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Unmasking the Prince: An Earnest Analysis of Machiavellian Deception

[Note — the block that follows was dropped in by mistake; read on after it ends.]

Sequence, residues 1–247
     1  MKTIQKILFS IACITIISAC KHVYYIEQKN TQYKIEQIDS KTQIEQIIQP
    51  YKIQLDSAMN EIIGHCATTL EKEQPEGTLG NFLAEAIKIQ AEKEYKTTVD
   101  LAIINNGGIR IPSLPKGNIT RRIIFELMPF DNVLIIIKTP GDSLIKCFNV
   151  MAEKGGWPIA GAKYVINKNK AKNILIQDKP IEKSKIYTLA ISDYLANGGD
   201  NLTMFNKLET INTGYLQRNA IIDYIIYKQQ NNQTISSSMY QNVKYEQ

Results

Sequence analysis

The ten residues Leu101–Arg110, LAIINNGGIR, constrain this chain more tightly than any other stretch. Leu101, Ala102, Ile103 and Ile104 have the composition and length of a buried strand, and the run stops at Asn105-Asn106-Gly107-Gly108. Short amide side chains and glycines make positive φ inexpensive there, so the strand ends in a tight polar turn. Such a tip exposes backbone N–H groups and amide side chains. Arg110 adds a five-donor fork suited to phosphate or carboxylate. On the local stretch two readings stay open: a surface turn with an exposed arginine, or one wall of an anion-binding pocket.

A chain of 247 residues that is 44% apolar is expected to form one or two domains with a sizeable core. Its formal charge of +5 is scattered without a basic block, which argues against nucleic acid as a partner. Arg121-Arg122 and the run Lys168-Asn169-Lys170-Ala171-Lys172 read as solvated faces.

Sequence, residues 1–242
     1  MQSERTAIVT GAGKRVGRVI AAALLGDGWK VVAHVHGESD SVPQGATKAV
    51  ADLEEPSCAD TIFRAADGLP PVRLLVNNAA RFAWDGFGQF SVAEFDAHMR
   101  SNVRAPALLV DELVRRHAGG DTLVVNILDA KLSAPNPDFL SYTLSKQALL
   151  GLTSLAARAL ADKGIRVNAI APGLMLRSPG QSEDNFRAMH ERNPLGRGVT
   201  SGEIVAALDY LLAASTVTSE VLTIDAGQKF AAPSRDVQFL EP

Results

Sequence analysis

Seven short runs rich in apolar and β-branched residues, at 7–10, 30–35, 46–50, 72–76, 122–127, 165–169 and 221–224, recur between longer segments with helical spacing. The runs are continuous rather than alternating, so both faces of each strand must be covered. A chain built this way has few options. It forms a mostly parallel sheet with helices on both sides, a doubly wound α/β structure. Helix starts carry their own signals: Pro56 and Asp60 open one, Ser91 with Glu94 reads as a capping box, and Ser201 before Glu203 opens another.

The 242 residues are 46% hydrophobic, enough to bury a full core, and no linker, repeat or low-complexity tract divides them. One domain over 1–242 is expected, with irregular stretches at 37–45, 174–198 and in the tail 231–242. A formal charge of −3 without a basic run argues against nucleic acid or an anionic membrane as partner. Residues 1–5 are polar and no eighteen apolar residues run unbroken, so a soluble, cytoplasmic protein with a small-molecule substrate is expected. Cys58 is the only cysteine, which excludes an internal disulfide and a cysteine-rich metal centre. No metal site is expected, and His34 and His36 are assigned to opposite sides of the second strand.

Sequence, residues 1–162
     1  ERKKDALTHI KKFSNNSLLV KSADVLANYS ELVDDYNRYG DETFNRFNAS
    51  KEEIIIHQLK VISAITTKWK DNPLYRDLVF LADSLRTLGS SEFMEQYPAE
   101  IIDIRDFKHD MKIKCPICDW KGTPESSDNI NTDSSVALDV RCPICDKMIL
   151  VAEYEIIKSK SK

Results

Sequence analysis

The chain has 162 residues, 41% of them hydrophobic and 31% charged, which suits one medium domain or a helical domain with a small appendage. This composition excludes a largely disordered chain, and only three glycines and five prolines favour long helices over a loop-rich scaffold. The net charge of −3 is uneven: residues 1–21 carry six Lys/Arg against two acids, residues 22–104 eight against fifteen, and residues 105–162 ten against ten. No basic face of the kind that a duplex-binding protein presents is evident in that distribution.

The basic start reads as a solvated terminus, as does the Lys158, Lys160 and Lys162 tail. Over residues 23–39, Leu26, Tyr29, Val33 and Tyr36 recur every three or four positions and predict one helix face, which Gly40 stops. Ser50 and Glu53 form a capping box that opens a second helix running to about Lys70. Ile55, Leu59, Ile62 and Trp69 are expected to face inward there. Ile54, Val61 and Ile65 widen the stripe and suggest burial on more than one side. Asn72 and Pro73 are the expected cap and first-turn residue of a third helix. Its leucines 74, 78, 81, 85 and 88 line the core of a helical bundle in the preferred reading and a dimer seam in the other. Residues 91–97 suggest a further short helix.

This article proposes a reconciliation between two conflicting interpretations of the political works of Niccolò Machiavelli, through a close textual analysis of his Discourses on Livy. The first interpretation views Machiavelli as a largely cynical lover of power, whose republican tendencies have been tamped down to the point of near non-existence. The second sees him as an staunch classical republican, one who artfully and consciously worked to reestablish the Florentine Republic through his works. By building off both approaches, it is argued that Machiavelli was indeed a committed republican, though his keen awareness of his precarious position in 16th century Florence prevented him from fully articulating his support for republicanism. Consequently, it is argued that Machiavelli is best thought of as an ardent but ever-fearful republican, whose works simultaneously advocate for the violent overthrow of the House of the Medicis, and attempt to excuse his own relative inaction in fulfilling that goal.

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